The Jihadi Who Turned To Jesus

When 22 Christian refugees gathered in the basement of an apartment in Istanbul early on a recent Sunday afternoon, it was quickly clear that this was no ordinary prayer meeting. Several of them had Islamic names. There was a Jihad, an Abdelrahman and even a couple of Mohammads. Strangest of all, they jokingly referred to their host — one of the two Mohammads — as an irhabi. A terrorist.

If Bashir Mohammad took the joke well, it was because there was once some truth to it. Today, Mohammad, 25, has a cross on his wall and invites other recent converts to weekly Bible readings in his purple-walled living room. Less than four years ago, however, he says he fought on the front lines of the Syrian civil war for the Nusra Front, an offshoot of al-Qaida. He is, he says, a jihadi who turned to Jesus.

It is a transition that has surprised everyone, not least of all himself. Four years ago, Mohammad tells me, “Frankly I would have slaughtered anyone who suggested it.” Not only have his beliefs changed, but his temperament has, too. Today, his wife, Hevin Rashid, confirms, with a hint of understatement, that he is “much better to be around”.

The conversion of Muslim refugees to Christianity is not a new phenomenon, particularly in majority-Christian countries. Converts sometimes stand accused of trying to enhance their chances of asylum by making it dangerous to deport them back to places with a history of Islamist persecution.

Mohammad’s particular experience, however, does not fit easily into this narrative. He lives in a majority-Muslim country, has little interest in seeking asylum in the West and treads an unlikely path followed by few former jihadis.

His is a story that began in a Kurdish part of northern Syria, Afrin, where he grew up in a Muslim family. Mohammad flirted with extremism in his teens. His cousin took him to hear jihadi preachers as a 15-year-old, and he adhered to some of the most extreme interpretations of Islam, “even the ones you haven’t heard of”. But when war broke out in Syria, after the country’s 2011 uprising, Mohammad initially joined the secular Kurdish forces in their fight for autonomy.

Mohammad’s subsequent ideological journey rarely made complete sense. But by his account, he became traumatised by the deaths he witnessed on the front line, which in turn re-energised his interest in the extremist versions of Islam that he had learned about as a teenager.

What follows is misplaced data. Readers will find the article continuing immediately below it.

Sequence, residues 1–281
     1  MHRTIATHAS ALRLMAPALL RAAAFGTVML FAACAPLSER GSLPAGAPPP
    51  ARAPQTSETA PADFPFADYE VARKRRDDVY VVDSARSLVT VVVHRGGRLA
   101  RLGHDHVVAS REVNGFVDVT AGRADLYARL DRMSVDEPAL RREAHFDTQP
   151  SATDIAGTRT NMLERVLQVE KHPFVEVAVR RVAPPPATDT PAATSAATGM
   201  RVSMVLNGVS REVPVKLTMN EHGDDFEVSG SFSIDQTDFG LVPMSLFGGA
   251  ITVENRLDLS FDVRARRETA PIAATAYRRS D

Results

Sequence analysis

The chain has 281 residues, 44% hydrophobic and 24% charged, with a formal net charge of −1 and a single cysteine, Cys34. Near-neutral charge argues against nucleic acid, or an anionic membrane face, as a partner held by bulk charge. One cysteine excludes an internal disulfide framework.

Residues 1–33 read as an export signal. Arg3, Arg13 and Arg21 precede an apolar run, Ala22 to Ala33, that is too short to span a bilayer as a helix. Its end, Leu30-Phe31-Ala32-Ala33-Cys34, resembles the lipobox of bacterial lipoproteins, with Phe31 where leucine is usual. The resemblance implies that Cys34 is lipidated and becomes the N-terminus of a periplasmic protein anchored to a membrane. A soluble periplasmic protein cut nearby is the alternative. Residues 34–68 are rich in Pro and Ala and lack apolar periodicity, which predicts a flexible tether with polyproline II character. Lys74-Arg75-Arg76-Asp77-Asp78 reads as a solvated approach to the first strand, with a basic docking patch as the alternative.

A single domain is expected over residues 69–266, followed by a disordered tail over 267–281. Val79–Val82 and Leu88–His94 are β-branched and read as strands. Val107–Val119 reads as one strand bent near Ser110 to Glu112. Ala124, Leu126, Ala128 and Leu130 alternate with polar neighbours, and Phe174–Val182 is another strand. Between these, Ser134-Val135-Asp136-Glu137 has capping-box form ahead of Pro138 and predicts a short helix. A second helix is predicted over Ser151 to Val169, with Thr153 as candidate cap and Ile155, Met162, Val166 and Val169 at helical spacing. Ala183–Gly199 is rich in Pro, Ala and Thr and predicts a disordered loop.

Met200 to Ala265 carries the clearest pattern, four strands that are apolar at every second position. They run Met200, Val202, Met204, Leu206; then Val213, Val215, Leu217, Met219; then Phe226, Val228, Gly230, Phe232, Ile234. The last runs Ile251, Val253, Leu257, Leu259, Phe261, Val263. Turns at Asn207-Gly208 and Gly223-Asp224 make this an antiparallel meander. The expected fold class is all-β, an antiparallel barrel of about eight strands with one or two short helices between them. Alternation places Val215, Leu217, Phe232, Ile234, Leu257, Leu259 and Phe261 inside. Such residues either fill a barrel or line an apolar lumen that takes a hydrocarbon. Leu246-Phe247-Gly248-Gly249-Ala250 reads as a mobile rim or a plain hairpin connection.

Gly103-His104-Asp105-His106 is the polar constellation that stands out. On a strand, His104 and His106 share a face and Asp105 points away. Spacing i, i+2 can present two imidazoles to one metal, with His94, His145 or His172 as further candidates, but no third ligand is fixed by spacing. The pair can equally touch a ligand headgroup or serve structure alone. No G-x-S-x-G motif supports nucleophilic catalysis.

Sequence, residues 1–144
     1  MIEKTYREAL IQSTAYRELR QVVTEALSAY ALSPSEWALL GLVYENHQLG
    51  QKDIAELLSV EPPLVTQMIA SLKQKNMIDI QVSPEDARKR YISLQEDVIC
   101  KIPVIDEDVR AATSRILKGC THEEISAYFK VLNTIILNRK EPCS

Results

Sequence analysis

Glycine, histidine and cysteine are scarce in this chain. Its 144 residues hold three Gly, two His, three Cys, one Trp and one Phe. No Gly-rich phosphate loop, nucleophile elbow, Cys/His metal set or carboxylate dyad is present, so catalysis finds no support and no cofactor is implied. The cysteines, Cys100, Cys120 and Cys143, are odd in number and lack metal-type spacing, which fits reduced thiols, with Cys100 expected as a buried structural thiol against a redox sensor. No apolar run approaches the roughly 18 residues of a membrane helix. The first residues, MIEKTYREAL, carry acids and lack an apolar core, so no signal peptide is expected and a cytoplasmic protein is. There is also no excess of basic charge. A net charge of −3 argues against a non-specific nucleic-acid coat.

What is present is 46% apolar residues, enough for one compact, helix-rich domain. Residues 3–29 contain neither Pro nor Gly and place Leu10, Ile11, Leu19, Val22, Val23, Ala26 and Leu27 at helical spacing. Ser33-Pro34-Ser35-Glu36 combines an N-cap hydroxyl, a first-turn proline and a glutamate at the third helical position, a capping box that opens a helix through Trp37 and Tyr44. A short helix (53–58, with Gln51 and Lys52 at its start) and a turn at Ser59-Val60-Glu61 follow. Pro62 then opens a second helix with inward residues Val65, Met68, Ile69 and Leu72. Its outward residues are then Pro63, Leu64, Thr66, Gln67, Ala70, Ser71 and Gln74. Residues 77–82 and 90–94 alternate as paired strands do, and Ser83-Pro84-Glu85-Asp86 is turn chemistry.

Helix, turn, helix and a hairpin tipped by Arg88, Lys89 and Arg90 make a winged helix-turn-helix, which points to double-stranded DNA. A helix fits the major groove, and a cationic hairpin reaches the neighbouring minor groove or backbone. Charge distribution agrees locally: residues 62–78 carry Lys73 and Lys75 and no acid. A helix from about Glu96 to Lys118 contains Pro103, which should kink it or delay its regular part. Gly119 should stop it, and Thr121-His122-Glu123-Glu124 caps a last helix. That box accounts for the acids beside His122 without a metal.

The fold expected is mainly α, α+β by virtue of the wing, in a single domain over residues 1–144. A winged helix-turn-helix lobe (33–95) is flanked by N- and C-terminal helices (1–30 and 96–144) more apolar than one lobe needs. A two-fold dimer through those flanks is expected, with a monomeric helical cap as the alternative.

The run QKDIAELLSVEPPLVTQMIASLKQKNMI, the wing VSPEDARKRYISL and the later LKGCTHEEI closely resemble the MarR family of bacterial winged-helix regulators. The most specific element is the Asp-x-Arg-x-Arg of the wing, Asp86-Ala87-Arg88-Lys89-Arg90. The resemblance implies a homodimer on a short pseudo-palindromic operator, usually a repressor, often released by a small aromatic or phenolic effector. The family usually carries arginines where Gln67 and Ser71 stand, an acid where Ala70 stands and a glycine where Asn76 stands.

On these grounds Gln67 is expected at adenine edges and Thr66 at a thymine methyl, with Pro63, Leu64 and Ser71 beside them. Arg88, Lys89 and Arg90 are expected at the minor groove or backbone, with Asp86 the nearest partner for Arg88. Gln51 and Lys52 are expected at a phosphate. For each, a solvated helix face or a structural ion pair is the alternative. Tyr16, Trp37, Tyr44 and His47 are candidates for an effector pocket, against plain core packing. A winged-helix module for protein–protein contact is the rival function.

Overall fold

“When I saw all these dead bodies,” he said, “it made me believe all these things they said in the lectures. It made me seek the greatness of religion.” Or, at least, his violent interpretations of that religion.

When a friend invited him to defect in summer 2012 to the Nusra Front, a group that seeks to establish an extremist state, Mohammad readily agreed. As a Nusra fighter, he continued to witness extreme brutality. His colleagues executed several captives by crushing them with a bulldozer. Another prisoner was forced to drink several litres of water after his genitals were tied shut with string.

This time, however, Nusra’s propaganda made the violence seem tolerable. “They used to tell us these people were the enemies of God,” Mohammad said, “and so I looked on these executions positively.”

When I first met Mohammad, in his basement, I guessed at none of this. In fact, I was there to observe one of his guests, a Yazidi who had converted two months earlier. Mohammad seemed to be the group’s glue and behaved as though he had been born and bred a Christian.

It was Mohammad who led the first prayers and chants. (“People who have fled their homes,” began one, “God bring them safety.”) And it was he who distributed the coffee afterward. His calm poise was jogged only when his guests jokingly referred to him as the irhabi, a sobriquet that sent a sheepish smile across his youthful face.

In his previous life, Mohammad said, he was an angry man whose temper frightened his relatives. When he briefly returned home for his family’s Kurdish New Year celebrations in March 2013, Mohammad was repulsed by what he saw as blasphemous activities, whose origins lay outside the Islamic tradition.